BACKGROUND: The relationship of training load to injury using wearable technology has not been investigated in professional American football players. The primary objective of this study was to determine the correlation between player workload and soft tissue injury over the course of a football season utilizing wearable global positioning system (GPS) technology. HYPOTHESIS: Increased training load is associated with a higher incidence of soft tissue injuries. STUDY DESIGN: Case-control study. LEVEL OF EVIDENCE: Level 3. METHODS: Player workloads were assessed during preseason and regular-season practice sessions using GPS tracking and triaxial accelerometry from 2014 to 2016. Soft tissue injuries were recorded during each season. Player workload during the week of injury (acute) and average weekly workload during the 4 weeks (chronic) prior to injury were determined for each injury and in uninjured position-matched controls during the same week. A matched-pairs t test was used to determine differences in player workload. Subgroup analysis was also conducted to determine whether observed effects were confounded by training period and type of injury. RESULTS: In total, 136 lower extremity injuries were recorded. Of the recorded injuries, 101 injuries with complete GPS and clinical data were included in the analysis. Injuries were associated with greater increases in workload during the week of injury over the prior month when compared with uninjured controls. Injured players saw a 111% (95% CI, 66%-156%) increase in workload whereas uninjured players saw a 73% (95% CI, 34%-112%) increase in workload during the week of injury (P = 0.032). Individuals who had an acute to chronic workload ratio higher than 1.6 were 1.5 times more likely to sustain an injury relative to time- and position-matched controls (64.6% vs 43.1%; P = 0.004). CONCLUSION: Soft tissue injuries in professional football players were associated with sudden increases in training load over the course of a month. This effect seems to be especially pronounced during the preseason when player workloads are generally higher. These results suggest that a gradual increase of training intensity is a potential method to reduce the risk of soft tissue injury. CLINICAL RELEVANCE: Preseason versus regular-season specific training programs monitored with wearable technology may assist team athletic training and medical staff in developing programs to optimize player performance.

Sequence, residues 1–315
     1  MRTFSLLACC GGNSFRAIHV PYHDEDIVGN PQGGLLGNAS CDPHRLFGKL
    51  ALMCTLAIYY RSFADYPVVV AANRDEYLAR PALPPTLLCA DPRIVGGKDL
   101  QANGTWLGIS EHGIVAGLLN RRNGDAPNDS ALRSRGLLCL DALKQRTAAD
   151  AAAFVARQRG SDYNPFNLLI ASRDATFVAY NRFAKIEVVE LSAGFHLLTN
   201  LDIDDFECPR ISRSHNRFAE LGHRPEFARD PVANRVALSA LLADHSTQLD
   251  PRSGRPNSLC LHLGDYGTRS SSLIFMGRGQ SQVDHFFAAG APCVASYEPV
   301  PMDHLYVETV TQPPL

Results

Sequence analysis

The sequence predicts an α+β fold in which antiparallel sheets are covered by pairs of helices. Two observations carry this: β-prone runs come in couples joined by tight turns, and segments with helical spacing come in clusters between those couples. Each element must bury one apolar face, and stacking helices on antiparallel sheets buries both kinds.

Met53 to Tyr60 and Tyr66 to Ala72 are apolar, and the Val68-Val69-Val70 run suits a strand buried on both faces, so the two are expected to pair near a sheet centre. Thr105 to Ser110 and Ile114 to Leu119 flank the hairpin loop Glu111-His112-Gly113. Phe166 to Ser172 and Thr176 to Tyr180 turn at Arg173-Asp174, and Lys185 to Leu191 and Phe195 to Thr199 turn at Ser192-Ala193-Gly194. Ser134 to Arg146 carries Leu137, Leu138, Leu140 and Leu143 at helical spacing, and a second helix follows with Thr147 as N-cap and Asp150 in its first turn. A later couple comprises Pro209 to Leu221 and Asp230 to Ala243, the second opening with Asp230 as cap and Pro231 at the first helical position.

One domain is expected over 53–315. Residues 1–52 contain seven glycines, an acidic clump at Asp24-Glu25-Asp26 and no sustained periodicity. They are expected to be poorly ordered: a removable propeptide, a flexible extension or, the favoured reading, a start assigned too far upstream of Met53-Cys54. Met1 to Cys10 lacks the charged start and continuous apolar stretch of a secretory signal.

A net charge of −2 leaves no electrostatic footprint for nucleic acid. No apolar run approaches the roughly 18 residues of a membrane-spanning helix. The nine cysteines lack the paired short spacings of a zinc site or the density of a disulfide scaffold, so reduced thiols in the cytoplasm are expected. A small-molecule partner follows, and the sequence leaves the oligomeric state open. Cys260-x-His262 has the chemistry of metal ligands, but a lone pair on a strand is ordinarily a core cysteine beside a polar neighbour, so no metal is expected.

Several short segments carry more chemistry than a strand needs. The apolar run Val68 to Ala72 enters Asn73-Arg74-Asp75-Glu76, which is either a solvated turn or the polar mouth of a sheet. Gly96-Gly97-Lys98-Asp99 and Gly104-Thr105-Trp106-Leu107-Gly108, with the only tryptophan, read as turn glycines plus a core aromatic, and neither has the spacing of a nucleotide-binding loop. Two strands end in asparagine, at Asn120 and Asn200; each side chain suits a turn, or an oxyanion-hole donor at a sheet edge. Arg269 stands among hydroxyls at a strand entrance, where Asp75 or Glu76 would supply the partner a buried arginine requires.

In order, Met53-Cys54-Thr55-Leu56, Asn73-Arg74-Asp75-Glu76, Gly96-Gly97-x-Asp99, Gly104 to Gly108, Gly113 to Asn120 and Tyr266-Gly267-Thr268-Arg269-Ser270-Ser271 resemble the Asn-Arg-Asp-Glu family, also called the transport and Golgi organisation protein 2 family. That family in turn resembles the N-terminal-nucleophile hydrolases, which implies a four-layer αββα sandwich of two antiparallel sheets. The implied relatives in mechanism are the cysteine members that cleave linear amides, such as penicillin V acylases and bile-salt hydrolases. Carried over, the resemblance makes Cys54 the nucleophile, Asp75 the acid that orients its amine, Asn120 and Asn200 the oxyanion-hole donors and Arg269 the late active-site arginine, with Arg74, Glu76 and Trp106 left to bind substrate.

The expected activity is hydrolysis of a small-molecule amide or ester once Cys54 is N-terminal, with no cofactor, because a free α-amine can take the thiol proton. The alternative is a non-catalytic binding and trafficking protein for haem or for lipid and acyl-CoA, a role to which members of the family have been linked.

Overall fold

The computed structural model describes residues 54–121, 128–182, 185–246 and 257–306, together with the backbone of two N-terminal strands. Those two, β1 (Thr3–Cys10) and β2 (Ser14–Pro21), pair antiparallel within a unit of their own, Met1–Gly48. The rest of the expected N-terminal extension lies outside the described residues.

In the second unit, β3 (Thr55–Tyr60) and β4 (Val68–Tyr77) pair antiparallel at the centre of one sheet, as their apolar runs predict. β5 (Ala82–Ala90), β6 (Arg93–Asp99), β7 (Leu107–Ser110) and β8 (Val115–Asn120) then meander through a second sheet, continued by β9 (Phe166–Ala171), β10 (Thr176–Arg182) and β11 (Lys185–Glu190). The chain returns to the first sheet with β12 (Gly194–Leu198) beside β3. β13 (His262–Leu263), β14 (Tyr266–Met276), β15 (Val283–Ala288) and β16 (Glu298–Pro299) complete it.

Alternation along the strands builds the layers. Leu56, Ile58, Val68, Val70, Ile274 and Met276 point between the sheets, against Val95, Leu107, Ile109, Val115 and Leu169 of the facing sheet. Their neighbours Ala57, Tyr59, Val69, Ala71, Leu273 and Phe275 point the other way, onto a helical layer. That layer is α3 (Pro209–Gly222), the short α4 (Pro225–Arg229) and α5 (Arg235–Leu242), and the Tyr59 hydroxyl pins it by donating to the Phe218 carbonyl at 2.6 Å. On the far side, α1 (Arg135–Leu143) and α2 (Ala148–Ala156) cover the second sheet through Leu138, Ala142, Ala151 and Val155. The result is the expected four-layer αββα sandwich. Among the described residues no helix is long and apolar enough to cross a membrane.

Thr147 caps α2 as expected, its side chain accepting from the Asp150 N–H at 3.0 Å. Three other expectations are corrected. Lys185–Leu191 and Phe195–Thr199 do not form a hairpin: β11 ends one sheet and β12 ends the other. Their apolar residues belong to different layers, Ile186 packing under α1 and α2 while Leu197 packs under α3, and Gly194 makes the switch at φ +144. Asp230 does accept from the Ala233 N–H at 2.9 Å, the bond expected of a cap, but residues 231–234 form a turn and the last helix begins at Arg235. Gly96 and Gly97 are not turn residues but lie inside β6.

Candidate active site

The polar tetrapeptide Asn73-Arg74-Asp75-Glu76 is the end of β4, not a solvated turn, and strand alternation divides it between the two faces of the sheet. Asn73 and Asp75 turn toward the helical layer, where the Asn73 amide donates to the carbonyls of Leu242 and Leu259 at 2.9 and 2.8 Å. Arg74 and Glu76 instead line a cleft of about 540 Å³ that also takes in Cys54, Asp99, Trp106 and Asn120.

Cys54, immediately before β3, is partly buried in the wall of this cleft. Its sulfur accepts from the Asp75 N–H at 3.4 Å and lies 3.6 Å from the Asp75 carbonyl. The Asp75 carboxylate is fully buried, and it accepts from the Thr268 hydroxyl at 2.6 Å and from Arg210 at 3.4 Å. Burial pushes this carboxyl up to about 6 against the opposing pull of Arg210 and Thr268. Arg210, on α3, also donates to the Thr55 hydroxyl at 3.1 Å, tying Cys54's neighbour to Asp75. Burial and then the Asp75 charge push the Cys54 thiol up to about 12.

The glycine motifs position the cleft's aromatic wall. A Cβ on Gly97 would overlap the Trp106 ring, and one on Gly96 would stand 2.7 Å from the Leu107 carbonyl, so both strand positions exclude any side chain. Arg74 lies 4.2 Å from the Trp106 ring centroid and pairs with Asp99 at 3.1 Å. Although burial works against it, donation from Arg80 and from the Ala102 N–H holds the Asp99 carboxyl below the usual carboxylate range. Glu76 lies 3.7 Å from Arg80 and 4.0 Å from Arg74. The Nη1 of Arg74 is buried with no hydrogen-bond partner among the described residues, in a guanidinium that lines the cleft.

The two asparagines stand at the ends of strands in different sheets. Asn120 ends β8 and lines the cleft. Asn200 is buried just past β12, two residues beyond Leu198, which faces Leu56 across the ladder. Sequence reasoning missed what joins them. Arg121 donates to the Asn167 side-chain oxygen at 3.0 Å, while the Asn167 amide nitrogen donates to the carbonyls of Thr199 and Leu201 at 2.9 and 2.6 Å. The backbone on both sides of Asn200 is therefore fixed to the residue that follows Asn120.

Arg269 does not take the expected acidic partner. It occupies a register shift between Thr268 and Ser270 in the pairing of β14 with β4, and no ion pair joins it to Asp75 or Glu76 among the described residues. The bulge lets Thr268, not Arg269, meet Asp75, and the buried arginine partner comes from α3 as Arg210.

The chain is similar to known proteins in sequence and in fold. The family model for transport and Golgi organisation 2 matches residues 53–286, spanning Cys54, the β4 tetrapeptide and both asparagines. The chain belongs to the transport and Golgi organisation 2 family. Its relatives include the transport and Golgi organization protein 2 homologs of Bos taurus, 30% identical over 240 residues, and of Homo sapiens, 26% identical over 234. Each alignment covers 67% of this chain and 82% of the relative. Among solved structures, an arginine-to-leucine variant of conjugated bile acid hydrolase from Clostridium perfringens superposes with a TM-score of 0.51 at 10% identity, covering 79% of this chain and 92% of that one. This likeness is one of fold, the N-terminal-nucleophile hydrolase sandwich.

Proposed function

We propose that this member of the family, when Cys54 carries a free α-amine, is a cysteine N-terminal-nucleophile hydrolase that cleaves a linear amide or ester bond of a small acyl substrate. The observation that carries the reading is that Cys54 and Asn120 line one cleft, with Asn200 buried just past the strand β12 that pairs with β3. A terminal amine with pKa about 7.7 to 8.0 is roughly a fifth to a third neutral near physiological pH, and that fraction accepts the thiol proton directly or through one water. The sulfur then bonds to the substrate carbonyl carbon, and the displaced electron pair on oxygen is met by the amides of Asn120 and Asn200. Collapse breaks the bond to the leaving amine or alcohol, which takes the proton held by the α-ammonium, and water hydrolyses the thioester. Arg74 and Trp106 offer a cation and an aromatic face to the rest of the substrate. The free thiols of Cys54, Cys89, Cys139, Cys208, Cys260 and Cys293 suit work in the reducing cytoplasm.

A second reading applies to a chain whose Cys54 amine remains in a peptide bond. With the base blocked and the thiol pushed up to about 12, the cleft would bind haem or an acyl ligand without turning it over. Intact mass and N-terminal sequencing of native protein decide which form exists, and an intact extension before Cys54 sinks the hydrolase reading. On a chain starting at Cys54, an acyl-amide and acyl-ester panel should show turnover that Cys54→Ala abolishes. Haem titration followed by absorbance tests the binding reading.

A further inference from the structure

Assuntos